Business of Media
Tame the Big Tech duopoly to ensure real news survives
The digital duopoly’s dereliction contradicts their hype, namely that they’re a force for good, writes Damian Eales in The Australian.
[Damian Eales is president of the International News Media Association and chief operating officer of publishing for News Corp Australia.]
Google claims to generate billions of leads to news sites, raising the question of why so many are going bust. Facebook is the company that bans news outlets or, in Facebook-speak, imposes “algorithmic penalties” because of arbitrary breaches of its morality code. Yet the very next month it live-streams mass murder.
The pending closure of AAP, Australia’s 85-year-old news wire, and the demise of revered US news publisher McClatchy are yet further demonstrations of the harm done to news media around the world. Now, in the era of COVID-19, the metaphoric viral threat Big Tech poses has become biological reality.
Now is the time for governments and regulators to act. If Big Tech can be tamed, the sustainability of journalism in our communities might be assured again. But, for many, time has run out for plan B. And if there’s no media to challenge Big Tech’s falsities, who will benefit from its triumph?
NYT’s Ben Smith: Bail out journalists. Let newspaper chains die
The coronavirus is likely to hasten the end of advertising-driven media, Ben Smith writes in The New York Times. And government should not rescue it.
It’s a moment of deep crisis for the local news business, which could have been blown over by a light breeze and is now facing a hurricane. But it’s also a moment of great promise for a new generation of largely non-profit local publications.
The time is now to make a painful but necessary shift: Abandon most for-profit local newspapers, whose business model no longer works, and move as fast as possible to a national network of nimble new online newsrooms. That way, we can rescue the only thing worth saving about America’s gutted, largely mismanaged local newspaper companies – the journalists.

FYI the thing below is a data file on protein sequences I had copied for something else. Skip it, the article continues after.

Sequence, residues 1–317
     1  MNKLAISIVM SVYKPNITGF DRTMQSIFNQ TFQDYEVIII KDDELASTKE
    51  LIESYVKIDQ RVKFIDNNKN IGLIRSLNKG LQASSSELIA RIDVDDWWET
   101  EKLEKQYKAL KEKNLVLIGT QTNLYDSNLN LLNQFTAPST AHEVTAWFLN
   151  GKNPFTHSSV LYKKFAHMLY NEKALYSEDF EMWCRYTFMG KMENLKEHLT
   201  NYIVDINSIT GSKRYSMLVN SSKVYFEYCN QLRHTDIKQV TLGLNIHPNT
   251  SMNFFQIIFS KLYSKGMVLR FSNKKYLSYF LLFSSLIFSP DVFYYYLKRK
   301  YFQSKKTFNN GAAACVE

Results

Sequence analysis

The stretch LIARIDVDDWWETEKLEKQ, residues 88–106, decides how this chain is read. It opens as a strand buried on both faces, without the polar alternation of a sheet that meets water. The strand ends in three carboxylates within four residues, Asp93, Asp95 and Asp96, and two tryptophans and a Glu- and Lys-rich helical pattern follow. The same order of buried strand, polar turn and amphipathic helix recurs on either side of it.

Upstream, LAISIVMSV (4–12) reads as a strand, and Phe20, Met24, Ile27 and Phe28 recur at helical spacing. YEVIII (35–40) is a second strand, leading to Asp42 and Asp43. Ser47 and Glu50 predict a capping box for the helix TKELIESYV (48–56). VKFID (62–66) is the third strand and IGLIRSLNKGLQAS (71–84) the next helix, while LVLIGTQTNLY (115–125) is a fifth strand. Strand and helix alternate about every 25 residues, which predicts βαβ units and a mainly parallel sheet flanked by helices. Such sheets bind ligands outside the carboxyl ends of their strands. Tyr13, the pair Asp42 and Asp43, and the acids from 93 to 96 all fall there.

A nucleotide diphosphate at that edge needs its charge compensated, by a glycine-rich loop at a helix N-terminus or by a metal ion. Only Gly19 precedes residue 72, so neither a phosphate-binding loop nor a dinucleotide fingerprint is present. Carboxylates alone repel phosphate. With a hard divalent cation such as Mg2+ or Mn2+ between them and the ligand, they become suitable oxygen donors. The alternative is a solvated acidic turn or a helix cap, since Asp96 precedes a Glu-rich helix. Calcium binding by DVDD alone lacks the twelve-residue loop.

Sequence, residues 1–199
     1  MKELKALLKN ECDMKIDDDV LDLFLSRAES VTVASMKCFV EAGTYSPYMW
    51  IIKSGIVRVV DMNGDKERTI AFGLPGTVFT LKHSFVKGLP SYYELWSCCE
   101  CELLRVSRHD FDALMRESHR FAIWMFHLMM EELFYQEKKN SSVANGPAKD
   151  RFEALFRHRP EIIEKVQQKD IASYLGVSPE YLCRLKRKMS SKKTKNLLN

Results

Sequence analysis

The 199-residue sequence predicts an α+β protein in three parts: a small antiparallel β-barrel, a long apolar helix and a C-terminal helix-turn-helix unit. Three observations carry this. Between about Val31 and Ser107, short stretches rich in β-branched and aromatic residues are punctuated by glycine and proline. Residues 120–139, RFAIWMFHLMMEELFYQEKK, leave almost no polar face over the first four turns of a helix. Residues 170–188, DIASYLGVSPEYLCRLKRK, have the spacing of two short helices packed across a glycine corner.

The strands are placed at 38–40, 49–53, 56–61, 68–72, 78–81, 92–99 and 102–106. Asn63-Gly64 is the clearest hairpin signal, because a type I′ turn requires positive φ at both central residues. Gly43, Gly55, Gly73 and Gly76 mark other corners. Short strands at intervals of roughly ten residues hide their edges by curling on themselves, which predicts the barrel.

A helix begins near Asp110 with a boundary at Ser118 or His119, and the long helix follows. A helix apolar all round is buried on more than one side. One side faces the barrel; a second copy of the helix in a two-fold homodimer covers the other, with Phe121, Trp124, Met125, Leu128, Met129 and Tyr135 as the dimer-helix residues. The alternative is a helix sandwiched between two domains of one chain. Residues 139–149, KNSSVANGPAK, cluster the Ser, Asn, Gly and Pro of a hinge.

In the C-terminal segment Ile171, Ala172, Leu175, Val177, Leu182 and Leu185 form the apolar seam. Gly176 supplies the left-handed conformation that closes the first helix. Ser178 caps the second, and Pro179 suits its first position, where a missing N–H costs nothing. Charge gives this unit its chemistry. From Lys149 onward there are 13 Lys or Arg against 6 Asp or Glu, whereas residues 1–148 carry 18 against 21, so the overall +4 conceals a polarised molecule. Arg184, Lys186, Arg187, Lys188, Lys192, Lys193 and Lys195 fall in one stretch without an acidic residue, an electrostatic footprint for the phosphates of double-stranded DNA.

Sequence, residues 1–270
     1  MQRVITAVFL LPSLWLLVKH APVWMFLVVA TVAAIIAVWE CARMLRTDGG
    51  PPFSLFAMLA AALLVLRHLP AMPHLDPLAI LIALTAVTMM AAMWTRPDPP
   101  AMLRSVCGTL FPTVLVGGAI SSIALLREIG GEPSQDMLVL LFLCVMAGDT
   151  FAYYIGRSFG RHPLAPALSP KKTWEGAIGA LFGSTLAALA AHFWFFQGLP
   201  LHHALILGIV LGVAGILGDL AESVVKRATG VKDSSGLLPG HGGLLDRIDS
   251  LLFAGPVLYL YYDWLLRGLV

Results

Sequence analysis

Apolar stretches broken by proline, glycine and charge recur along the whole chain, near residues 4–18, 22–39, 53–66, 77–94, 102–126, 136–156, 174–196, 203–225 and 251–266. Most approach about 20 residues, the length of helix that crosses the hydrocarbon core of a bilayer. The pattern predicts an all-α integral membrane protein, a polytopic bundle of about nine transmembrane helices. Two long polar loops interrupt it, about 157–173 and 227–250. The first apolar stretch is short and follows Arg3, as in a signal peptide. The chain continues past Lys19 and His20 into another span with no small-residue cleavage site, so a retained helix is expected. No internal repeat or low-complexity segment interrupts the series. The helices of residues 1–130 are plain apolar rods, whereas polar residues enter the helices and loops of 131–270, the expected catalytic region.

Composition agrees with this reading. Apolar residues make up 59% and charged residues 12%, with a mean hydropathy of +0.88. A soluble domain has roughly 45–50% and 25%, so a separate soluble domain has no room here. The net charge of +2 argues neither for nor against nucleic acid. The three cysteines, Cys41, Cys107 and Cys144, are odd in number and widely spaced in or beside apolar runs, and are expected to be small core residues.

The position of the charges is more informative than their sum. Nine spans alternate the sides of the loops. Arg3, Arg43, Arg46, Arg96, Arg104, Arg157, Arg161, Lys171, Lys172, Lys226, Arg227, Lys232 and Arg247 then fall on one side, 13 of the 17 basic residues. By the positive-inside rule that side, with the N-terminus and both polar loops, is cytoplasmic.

Tracy Grimshaw broadcasts A Current Affair from her spare room
A Current Affair host Tracy Grimshaw has joined the many Aussies recently tasked with having to rearrange their homes into an office set-up as we battle the coronavirus pandemic and implement social distancing measures, reports news.com.au’s Bella Fowler.
But – like many of us would have already experienced – it’s not always smooth sailing on day one.
Broadcasting from her spare bedroom, which has been transformed into a home studio complete with lights, audio, camera and A Current Affair backdrop display, Grimshaw told viewers she was opting to host the program from home for the next few weeks.
“Tonight we’re coming to you from my bedroom,” Tracy Grimshaw said at the beginning of the program.
“And there’s something I never thought I’d say.
“It’s a spare room and in the interests of staying home we’ll be here for a while. I have a small crew here for the first night, which is allowed, because they’re of course at work.”
ABC Easter gift: Killing Eve season 3 to arrive Easter Monday
ABC has announced that the highly anticipated new season of the multi-award winning series Killing Eve will be fast-tracked from the US, with episode one dropping on iview Monday 13th April at 12pm.
Enjoying critical acclaim, raking in the accolades and garnering even more fans, Killing Eve is one of the most talked about shows around the world.
In season three Jodie Comer and Sandra Oh reprise their roles as enigmatic Russian assassin Villanelle (Jodie Comer) and MI5 intelligence agent Eve Polastri (Sandra Oh), reigniting their deadly game of cat and mouse.
Series two ended dramatically, with the fashionable, yet deadly, Villanelle shooting Eve and leaving her to die among the ancient ruins of Rome.
When series three drops on iview and screens on ABC TV Sunday 19th April at 9.30pm, audiences will finally discover Eve’s fate…does she survive? Will Eve survive? If she does, will she ever forgive Villanelle? Will we find out more about Villanelle’s past? Does Hugo die? And if he lives, will he ever forgive Eve?
Killing Eve is based on the four-part novella series Codename Villanelle, written by Luke Jennings.